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10 Ways to Increase Diversity in Your Classroom

Multicultural and diversity have been pretty big topics this week for me.  Between the paper that I had to write to training that centers have needed to ECERS-3 information that has been asked for, it has been the information that everyone has required.  SO what better topic to talk about than diversity and the importance that it plays in our centers.

Diversity has increased tremendously in the US and as diversity increases, the need for teachers to be able to empathize with children and families who are different from themselves also increases.  Research indicates that teachers are not prepared to do so and that they need training and experience in different cultures to understand the differences (Perk, Maude, and Botherson,2015).

I feel like it is important to explain the difference in diversity and culture as some see it as the same.  Diversity is the differences in characteristics, qualities, traits, values, beliefs, and mannerisms in self and others based on predetermined factors and changeable features.  Culture is learned and shared values a system of beliefs and attitudes or control mechanisms that shape our behavior.  Culture is like a way of life, our blueprint of living, perceiving, understanding, and learning one brings to the situation(Berger & Riojas-Cortez, 2012). It is essential for teachers to understand the concept of culture because we are not only helping children grow physically, socially, linguistically, and cognitively but culturally as well.

 

Educators should focus on three approaches that will help themselves become more culturally diverse:

  1. Focus on self

    1. It is helpful when teachers know their own culture, beliefs, and biases towards others.  Teachers must examine their own lifestyles and beliefs so that they can begin to reflect on the differences between them and the children and families that they teach.
  2. Focus on Culturally and Linguistically diverse children.

    1. Encourage children particularly those who are culturally and linguistically diverse and those who have special needs to know themselves through an environment of acceptance, encouragement, and inquiry. Interactions with children should be based on knowledge of child development as well as the child’s culture for the interactions among children and adults to be appropriate and enabling.
  3. Focus on collaborating with the parents and the community.

    1. Recognize the history and culture that influences the lives of the children and families. Find people that share this culture and utilize the community to help teach you more and the children more.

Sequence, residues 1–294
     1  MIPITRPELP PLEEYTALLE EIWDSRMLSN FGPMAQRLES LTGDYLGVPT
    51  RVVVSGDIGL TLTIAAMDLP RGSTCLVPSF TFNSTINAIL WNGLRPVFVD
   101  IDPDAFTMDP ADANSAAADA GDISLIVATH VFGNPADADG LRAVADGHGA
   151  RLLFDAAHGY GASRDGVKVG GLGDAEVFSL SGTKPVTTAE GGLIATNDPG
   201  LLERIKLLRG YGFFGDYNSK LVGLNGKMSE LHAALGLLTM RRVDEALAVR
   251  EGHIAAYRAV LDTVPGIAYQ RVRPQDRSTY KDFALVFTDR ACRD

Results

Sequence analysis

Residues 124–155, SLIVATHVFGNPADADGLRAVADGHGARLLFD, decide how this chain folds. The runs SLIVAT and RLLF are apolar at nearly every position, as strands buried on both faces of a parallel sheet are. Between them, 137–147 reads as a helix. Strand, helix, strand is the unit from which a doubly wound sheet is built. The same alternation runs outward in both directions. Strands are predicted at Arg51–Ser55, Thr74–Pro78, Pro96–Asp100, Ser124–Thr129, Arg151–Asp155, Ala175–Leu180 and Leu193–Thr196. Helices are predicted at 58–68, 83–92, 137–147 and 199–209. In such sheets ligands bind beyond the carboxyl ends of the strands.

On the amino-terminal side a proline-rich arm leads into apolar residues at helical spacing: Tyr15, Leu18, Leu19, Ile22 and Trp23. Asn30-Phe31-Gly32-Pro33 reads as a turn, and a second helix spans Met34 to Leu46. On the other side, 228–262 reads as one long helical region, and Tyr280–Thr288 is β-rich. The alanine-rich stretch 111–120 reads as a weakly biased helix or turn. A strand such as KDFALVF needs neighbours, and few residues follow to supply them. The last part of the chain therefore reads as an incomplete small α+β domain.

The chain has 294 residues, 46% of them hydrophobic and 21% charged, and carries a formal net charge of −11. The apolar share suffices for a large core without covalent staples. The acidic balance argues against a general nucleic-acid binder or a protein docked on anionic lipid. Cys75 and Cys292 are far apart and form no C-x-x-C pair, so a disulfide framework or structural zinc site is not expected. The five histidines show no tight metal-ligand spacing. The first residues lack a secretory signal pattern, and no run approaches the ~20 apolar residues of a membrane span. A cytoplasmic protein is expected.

Somethings that you can do in the classroom and in the center to enhance diversity is:

  1. Have representation throughout the classroom of Race, Culture, Age, ability, and nonstereotypical Represent this area through pictures, toys, puzzles, curriculum, food that is prepared, and conversations with the children.
  2. Talk to children in their native language.
  3. Put words on everything in both English and their native language.
  4. Provide books for children of different races, abilities, and cultures. Read these stories and have conversations with the children about the story.
  5. Play games around the world
  6. Provide toys that can represent clothing, food, tools, instruments, or even animals from a different country.
  7. Have a pen pal from a different country for your classroom
  8. Have parents come in and talk about their country or culture
  9. Have people from the community come in and talk about the culture
  10. Play music from around the world. Don’t just focus on that one other culture but all cultures to help the children become more diverse and understand all walks of life.

 

These are just 10 quick tips to help you out in the classroom to encourage your children to understand other cultures but also provide you with opportunities to communicate with the children the differences in people and the similarities and the importance of acceptance of all.


Resources

Berger, E.H., Riojas-Cortez, M.,(2012). Pearson. Parents as Partners in Education. Families and

schools working together.

 

Peck,N.F., Maunes,S.P., Botherson, M.J.(2015). Understanding preschool teachers perspectives

in empathy:  A qualitative Inquiry. Early Childhood Educational Journal. 43(3) 11p.